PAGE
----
The biggest benefit I have gained from my Paleo lifestyle is the loss of pain. My doctor recommended the “diet” (a word she used with the most scientific of meanings) to help alleviate the pain of osteoarthritis. The things I was eating before — the breads and muffins and refined sugars — was causing the inflamation that caused my pain. Removing those things from my diet would help, at the early stage at which we caught my disease, keep me from daily medications. People with autoimmune deficiencies also benefit from a Paleo lifesyle. Those with diseases like Rhumatoid Disease, Lupis, HIV and AIDS, for example, benefit from this lifestyle for the very same reason I benefit with my osteoarthritis. The clean eating removes inflamation and pain and other issues caused by autoimmune problems.

It’s Vitamin Rich

Everything in our lives tells us we can’t possibly get all the vitamins we need by just eating food. That’s not true with a Paleo lifestyle. The foods are vitamin rich. I was told I needed extra calcium due to my osteoarthritis, not by my doctor, but by every other thing I read on the disease when I was diagnosed. So, imagine my surprise when I ended up in the emergency room with a calcium-based kidney stone. Why? I was taking too much calcium. With almond-based flours and milks, spinach and citrus, I was actually getting all the calcium I needed from my food. Instead of a finger dish full of vitamins every morning, I take only two in addition to my regular mutivitamin. A Paleo lifestyle can, indeed, provide you with all the vitamins you need.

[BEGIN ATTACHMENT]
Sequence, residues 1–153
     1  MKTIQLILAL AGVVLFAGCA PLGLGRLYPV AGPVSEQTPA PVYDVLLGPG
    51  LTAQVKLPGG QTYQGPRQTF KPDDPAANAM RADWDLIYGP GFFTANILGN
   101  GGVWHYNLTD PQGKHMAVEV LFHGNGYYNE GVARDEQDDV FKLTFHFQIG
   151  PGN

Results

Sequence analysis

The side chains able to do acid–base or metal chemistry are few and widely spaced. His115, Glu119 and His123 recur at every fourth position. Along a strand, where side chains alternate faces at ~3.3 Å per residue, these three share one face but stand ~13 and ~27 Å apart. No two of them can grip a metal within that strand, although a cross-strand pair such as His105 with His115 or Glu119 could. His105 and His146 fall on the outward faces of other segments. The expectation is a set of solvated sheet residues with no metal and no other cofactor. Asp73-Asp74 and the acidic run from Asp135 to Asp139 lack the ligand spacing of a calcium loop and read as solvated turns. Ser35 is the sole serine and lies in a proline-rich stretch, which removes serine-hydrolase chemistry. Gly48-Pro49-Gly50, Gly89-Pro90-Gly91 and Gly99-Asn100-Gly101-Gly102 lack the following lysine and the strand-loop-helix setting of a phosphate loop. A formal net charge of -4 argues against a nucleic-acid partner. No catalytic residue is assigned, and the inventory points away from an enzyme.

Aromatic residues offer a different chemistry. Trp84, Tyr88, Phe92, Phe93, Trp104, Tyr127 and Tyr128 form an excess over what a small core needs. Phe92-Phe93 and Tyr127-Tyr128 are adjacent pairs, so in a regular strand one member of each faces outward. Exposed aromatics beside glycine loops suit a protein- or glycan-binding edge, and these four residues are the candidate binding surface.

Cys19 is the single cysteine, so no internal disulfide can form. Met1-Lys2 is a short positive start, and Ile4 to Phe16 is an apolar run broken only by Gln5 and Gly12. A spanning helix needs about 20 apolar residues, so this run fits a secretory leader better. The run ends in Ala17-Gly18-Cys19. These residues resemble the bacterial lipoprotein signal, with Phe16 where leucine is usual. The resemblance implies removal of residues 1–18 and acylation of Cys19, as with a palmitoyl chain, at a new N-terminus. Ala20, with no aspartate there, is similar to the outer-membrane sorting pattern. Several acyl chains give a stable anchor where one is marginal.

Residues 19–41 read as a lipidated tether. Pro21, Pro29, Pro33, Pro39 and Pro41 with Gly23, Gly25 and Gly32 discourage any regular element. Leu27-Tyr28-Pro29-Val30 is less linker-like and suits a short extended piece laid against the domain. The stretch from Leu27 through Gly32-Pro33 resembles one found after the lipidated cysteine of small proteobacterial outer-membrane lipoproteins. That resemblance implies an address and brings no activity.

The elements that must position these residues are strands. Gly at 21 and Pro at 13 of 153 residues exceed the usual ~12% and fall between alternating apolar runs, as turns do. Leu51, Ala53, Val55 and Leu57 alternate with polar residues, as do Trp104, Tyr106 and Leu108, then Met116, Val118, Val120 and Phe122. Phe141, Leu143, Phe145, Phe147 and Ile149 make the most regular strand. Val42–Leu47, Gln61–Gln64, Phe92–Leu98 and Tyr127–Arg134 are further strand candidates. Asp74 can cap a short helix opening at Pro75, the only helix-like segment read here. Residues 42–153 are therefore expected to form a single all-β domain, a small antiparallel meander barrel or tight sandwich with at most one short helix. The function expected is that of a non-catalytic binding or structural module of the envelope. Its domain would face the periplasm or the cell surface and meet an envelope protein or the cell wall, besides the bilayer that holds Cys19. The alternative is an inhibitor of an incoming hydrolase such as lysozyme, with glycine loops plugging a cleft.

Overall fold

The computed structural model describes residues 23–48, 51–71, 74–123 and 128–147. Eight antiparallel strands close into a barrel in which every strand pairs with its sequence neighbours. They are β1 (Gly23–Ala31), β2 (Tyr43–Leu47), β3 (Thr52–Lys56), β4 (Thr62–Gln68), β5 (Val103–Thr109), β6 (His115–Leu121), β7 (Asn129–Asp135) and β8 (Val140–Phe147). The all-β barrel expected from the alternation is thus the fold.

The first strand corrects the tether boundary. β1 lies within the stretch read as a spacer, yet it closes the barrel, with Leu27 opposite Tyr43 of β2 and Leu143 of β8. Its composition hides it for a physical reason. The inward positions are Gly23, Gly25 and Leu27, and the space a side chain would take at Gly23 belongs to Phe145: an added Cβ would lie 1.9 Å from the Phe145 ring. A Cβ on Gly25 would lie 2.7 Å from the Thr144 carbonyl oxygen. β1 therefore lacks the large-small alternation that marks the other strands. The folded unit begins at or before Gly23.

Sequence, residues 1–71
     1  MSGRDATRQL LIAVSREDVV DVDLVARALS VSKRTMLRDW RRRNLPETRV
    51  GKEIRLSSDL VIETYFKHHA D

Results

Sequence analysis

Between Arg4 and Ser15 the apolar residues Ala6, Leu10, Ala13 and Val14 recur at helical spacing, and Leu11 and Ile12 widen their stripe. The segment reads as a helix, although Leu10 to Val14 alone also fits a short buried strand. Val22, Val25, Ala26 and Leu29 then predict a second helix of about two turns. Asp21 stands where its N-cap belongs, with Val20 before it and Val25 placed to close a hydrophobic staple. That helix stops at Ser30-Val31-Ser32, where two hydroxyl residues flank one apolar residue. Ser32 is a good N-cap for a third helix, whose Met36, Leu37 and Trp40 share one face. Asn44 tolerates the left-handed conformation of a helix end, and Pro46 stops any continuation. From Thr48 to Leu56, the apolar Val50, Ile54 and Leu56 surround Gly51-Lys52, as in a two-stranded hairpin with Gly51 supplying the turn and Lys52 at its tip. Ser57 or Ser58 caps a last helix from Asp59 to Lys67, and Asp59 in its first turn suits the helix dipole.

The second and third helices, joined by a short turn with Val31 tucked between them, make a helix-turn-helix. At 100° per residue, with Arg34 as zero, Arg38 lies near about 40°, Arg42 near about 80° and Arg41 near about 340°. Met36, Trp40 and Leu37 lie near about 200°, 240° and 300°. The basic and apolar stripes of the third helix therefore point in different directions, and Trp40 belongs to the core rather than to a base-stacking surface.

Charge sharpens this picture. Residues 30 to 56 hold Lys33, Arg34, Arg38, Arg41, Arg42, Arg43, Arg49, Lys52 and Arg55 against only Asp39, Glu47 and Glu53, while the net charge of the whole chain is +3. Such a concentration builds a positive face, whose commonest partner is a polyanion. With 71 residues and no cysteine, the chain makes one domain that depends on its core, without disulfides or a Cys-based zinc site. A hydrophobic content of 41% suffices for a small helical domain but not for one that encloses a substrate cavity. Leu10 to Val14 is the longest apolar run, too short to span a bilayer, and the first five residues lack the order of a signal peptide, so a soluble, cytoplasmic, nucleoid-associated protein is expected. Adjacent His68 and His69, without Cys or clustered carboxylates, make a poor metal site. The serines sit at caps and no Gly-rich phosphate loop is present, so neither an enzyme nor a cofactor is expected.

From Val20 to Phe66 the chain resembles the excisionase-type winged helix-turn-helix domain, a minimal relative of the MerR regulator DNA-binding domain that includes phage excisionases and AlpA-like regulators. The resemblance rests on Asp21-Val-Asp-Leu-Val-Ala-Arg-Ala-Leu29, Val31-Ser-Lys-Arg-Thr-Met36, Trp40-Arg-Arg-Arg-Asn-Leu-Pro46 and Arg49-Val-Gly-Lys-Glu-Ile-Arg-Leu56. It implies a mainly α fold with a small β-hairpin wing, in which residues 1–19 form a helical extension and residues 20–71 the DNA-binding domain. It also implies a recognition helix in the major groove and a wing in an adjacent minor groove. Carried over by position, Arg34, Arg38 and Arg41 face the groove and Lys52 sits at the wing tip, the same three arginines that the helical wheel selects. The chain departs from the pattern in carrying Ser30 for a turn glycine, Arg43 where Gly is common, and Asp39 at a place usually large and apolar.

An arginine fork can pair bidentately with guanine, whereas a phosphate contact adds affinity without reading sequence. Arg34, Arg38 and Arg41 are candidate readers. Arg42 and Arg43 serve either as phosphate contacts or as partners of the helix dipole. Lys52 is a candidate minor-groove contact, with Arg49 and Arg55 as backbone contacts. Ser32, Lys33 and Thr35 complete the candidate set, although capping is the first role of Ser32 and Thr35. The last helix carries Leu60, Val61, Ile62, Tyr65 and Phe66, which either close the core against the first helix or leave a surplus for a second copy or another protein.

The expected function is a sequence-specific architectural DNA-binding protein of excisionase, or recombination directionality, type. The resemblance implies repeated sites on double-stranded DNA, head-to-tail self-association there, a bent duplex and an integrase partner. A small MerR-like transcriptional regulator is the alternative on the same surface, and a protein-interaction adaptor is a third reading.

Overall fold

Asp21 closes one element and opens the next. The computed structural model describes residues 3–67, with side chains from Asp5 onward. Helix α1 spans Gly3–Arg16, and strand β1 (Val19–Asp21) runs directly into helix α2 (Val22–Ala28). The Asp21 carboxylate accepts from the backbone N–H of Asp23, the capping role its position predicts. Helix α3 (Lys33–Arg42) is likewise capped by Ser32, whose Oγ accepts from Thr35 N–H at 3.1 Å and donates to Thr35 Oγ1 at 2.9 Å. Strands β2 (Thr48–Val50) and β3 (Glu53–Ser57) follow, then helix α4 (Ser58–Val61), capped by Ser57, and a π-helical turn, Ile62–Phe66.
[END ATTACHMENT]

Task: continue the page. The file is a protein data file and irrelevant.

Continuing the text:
The Lifestyle is the Benefit

I mentioned before that the Paleo lifestyle is not a diet. It’s not a set of crazy rules and preset meals. Yes, there are going to be some restrictions, but, in a perfect world, they are restrictions we would already have been making. Paleo is fresh and real. Does it take a little more work? Yes. Is it going to take some practice? Yes. But at the “end” of this race toward a goal, there is no maintenance plan. There is no fear of stepping out of a restrictive regimen and regaining weight. The biggest benefit to Paleo is that it is a lifestyle that can be lived by the individual’s needs. There is no portioning, no fat trimming, no measuring, no watering down. Paleo is stepping away from the world of processed foods and eating food the way we were meant to eat it.


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Author: Kelli Heitstuman-Tomko

Kelli Heitstuman-Tomko has a degree in journalism and is a published novelist. She has written on food, agriculture, business, crime and tourism. She has lived in Idaho, New Hampshire, Florida, Wyoming and Colorado. She currently resides in Fallon, Nevada.

8 thoughts on “Benefits of a Paleo Lifestyle”

  1. This is interesting. I’ve never thought about doing a Paleo lifestyle, but it sounds appealing compared to a “diet”. I’ve read a lot about Keto and was not interested in doing it. This is more up my alley in terms of lifestyle. Do you have some favorite recipes?